Notes From World DipCon 8
I wish I had taken notes during the event, because some of the particulars are already a bit hazy in my mind. But without question, World DipCon 8 was my best tournament result ever. I played three of the four rounds of Diplomacy and shared, in this order, a five-way, a four-way and a three-way draw. Just the fact that I was never eliminated would have made it my best result ever. The worst part is that I cannot remember what countries I played in each game, and who I played with.
I do remember causing great disappointment to Andy Marshal in my first game (I think I was France to his England) when I voted for the five-way. In retrospect, I really had a decent shot at a solo or perhaps two-way, but I chickened out. I also recall, to my great suprise, that I never performed a major stab on any long-term ally. In each game, I selected an ally and stuck with him until the end. That's not to say I never looked at the possibility. I always look at the options, its just that I never saw a stab as in my best interests.
Overall, I placed nineteenth out of the seventyish players, which I think is pretty darn good, and I'm very proud of it. However, the greatest pride came from my reciept of the "Players Choice" award. Apparently, David Hood (the Tournament Master) informally polled many participants and my name came up as the player they "most enjoyed playing with." To me this was a great honor. It kind of makes you wonder what is better, to defeat all of your peers, or be recognized and appreciated by your peers. I wouldn't have traded this one for first place in the tournament... Hmmmm. Okay, maybe I wouldn't trade it for second place.... The award came with a beautiful wooden plaque that had a laser engraved Diplomacy conference map. A double treat since, as many of you know, I love to collect map memorabilia as well.
However, I cannot overlook the outstanding performance of The Knobby Kneed Rubes. During the team round of the tournament, my team, made up of Warren "Goz" Goesle, Scott "Henry Miller" Morris, and Jamie "Jamie" McQuinn, came in third out of twenty or so teams. Pretty good work, guys!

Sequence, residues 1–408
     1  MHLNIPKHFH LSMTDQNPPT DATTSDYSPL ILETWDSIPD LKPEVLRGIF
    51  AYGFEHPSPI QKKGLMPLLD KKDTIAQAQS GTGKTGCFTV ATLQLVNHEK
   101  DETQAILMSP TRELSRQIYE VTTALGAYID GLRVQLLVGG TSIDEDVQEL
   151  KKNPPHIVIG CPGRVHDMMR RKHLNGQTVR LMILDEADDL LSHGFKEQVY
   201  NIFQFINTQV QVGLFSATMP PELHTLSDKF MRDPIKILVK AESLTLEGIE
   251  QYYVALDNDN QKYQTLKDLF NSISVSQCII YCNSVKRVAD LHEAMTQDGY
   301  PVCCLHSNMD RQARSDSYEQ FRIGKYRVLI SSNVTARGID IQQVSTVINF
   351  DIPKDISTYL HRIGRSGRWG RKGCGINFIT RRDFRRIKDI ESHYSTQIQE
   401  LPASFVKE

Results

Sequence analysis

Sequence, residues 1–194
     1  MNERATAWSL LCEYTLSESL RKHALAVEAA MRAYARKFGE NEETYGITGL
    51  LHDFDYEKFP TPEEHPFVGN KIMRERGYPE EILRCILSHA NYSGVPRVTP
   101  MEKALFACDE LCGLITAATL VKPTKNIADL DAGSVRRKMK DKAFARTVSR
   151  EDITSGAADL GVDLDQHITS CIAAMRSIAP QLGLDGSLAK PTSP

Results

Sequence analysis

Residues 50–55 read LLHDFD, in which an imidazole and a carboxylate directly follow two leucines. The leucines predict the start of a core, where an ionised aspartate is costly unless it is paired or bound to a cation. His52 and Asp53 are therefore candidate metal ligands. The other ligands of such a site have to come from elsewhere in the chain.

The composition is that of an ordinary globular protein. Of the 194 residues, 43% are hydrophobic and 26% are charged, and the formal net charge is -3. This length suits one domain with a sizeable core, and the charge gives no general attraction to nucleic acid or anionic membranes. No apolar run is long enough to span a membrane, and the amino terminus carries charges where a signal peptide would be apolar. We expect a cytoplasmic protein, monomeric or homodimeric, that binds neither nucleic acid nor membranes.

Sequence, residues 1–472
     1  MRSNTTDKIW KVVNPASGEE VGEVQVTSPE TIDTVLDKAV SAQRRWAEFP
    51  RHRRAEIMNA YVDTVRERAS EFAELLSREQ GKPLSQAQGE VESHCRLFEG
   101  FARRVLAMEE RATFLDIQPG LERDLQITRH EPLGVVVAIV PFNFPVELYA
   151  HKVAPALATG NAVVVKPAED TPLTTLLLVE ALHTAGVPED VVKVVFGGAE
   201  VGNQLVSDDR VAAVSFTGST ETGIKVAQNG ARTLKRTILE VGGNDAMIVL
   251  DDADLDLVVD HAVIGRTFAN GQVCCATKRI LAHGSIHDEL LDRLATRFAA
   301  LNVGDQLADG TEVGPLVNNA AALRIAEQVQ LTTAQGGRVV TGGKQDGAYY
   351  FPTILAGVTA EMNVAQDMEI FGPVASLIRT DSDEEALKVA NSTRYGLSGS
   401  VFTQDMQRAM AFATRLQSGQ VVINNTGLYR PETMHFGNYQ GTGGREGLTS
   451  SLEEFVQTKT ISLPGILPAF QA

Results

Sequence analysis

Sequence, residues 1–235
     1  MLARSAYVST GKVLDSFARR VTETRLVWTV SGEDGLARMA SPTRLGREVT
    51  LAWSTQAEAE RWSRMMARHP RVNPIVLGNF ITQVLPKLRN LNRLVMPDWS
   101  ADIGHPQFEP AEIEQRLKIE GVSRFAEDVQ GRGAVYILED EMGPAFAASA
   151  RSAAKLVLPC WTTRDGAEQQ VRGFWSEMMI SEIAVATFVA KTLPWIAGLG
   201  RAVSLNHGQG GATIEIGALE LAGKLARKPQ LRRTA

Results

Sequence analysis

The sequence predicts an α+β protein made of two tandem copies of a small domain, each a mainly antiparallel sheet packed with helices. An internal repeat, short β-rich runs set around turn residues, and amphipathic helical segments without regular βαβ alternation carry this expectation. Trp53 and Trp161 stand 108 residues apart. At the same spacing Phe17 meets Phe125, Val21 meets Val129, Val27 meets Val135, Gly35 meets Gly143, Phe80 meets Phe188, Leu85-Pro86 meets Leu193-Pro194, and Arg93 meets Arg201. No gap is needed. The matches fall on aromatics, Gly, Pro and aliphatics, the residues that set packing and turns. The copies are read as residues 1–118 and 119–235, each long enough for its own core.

Other highlights of the weekend included play testing Steve Koehler's Migrane Dip variant. See a recent back issue of Diplomacy World for his perfectly symetrical Dip board [the variant will be featured in the next issue of The Pouch Zine as well. --Ed.]. I think it has potential for more play, especially if someone is able to code the Internet electronic judge for it. I do not think it would be possible to form a stalemate line on this map. On the other hand, it needs more play testing to see if in fact anybody could actually win the game either.
I had recently purchased a copy of Eurorails, and I roped Scott Morris and Pete Rauch to play with David Hood and me. David beat us handily, and Scott, while enjoying the game, decided it was not for him. "I never got to stab anybody...."
I also had an opportunity to start two games of Settlers of Catan. This widely popular game has intrigued me for several years. I'm so glad I finally got a chance to play it. It was quite fun. I said I started two games, but we never got a chance to finish them, something kept coming up and interrupting. So, it wasn't until this last weekend with some local gamers that I was finally able to finish a game.
At the Hobby meeting it was decided that the 1999 Dipcon would return to Origins in Columbus, Ohio, and that the 2000 World Dip Con would be held at Avaloncon. I volunteered to serve on the committtee for both events, primarily as the Internet publicity co-ordinator. So as soon as either of those events has information to distribute, I will put them on a Web page for The Pouch.
Unfortunately, my camera broke, and I lost all of my pictures of the event.
So, what can I say? It was a tremendous weekend. I highly recommend it to anyone. I hear DixieCon, the annual event, is this good every year and again, David put on a well-run event and I had a great time. Especially, as I have said, because I got an opportunity to meet many of you face-to-face. See you at the next one!
If you wish to e-mail feedback on this article to the author, click on the letter above. If that does not work, feel free to use the "Dear DP..." mail interface.